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Political junkie

Mayoral candidate tries to clarify stance on krewe -- again

© St. Petersburg Times
published February 6, 2003

For two weeks, mayoral candidate Frank Sanchez has been asked about his stance on Ye Mystic Krewe of Gasparilla's refusal to admit women.

Even Sanchez concedes his words have been confusing.

At a debate Wednesday night at the University of South Florida, he did not make things clearer.

Sanchez and the other candidates were asked if the city should work with groups that aren't fully integrated.

"I believe it is important for the next mayor to set a very high example," Sanchez said. "Where we have a parade where the city is very involved, we have to have access for everyone."

"As mayor," Sanchez said, "I would absolutely insist on it. There would have to be access for everyone."

What did that mean?

After the debate, Sanchez said he meant that the event -- the Gasparilla parade route -- would have to be open to everyone.

"I was not talking about the organization," Sanchez said. He wouldn't "insist" that the krewe be open to women.

Of course, the event has been open to everyone for 99 years.

The only controversy has been whether the krewe should be more inclusive.

That issue hasn't been simple for Sanchez to explain.

On Jan. 24, Sanchez answered a question about the krewe by saying, "Discrimination in any form by government, by important social organizations, is debilitating."

Later, after fielding calls from krewe members, he said: "I believe that the krewe and any private organization has the right to establish its own membership criteria."

Sunday, he issued a statement saying he is sticking to his original statement, which he said had never changed.

Mayoral candidate Bob Buckhorn said Wednesday that he thought Sanchez had changed his position yet again.

"It seemed like he went beyond his original statement," he said.

IORIO WORKER QUITS: Pam Iorio launched her campaign in January, just two months before the mayoral election. So her campaign staff can't afford to get sick.

That's why consultant Beth Rawlins, who was supposed to be Iorio's campaign coordinator, said she had to call it quits.

Rawlins was ill and needed a week's rest. "(Iorio) didn't have a week," Rawlins said.

Rawlins has worked for Democratic gubernatorial candidate Bill McBride, presidential candidate Bill Bradley and Pinellas County Commissioner Calvin Harris.

Iorio has plenty of help, though. Kay Menzel, who ran Iorio's first run for County Commission in 1984, has moved back to Tampa from Illinois to assist.

ERA VOTE: Hillsborough commissioners took a stand Wednesday in favor of a renewed effort to ratify the Equal Rights Amendment. But the vote was 4-3, with all of the Republican commissioners voting against it.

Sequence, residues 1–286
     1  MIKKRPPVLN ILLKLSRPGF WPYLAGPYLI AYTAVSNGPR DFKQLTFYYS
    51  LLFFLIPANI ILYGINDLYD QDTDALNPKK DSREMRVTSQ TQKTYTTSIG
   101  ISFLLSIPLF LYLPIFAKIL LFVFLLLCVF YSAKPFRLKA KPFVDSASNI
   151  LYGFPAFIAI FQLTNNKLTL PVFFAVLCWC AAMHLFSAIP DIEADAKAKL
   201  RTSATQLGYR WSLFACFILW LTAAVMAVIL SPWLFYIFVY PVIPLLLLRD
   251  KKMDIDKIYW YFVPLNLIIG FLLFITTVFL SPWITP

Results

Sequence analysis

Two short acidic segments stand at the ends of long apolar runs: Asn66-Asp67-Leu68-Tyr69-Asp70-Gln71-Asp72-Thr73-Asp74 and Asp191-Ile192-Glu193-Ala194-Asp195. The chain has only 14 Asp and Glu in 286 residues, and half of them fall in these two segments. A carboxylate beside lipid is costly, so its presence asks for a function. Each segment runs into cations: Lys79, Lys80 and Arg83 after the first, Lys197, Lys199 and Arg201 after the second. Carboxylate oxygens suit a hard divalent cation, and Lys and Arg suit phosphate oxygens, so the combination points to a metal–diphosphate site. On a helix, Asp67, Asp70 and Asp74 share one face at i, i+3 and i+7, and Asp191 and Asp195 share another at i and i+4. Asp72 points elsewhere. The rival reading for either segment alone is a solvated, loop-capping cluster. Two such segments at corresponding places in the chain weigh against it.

The ERA, passed by Congress in 1972, was intended to provide equal rights to women as the 27th Amendment to the U.S. Constitution. But the amendment failed to win ratification of two-thirds of the states under a congressionally imposed seven-year deadline (extended ultimately to 10 years).

In all, 35 states approved the amendment, three shy of the necessary 38. Florida was one of the states on the fence until 1982, when it fell two votes shy of ratification in the Florida Senate.

But a new legal analysis promoted by feminist groups contends the deadline for ratification was invalid. That could prompt Florida lawmakers to renew the issue this year.

Commissioners on Wednesday were considering whether to lend their endorsement.

Commissioner Pat Frank was in the state Senate in 1982 and was one of the ERA's champions. So was Betty Castor, the mother of commissioner Kathy Castor.

As expected, they gave their support Wednesday.

Ronda Storms, a no vote, said she thinks the ERA is an anachronism. She said it doesn't take into account the situation of modern women, who she believes are given ample opportunity to achieve.

"I believe that it creates obligations that shouldn't exist," Storms said.

Frank strenuously disagreed.

"She's spouting the same things that were said by the good old boys in the '80s," Frank said. "She's the beneficiary of a lot of things a lot of (other) people did."

POLITICAL PREDICTION: If Iorio gets elected mayor, we can say Ramon Nunez predicted it first.

Almost four years ago, Nunez was strolling around the County Commission in his guayabera when he waved us over. He leaned in to whisper some news.

The next mayor, he predicted, would be Pam Iorio.

Nunez, publisher of the Tampa Record, died Tuesday night at age 87. He will be missed.

-- Political Junkie is an occasional column on the election season. Got a tip? Bill Varian can be reached at 226-3387 or and David Karp can be reached at 226-3376 or Times staff writer Adam Smith contributed to this report.

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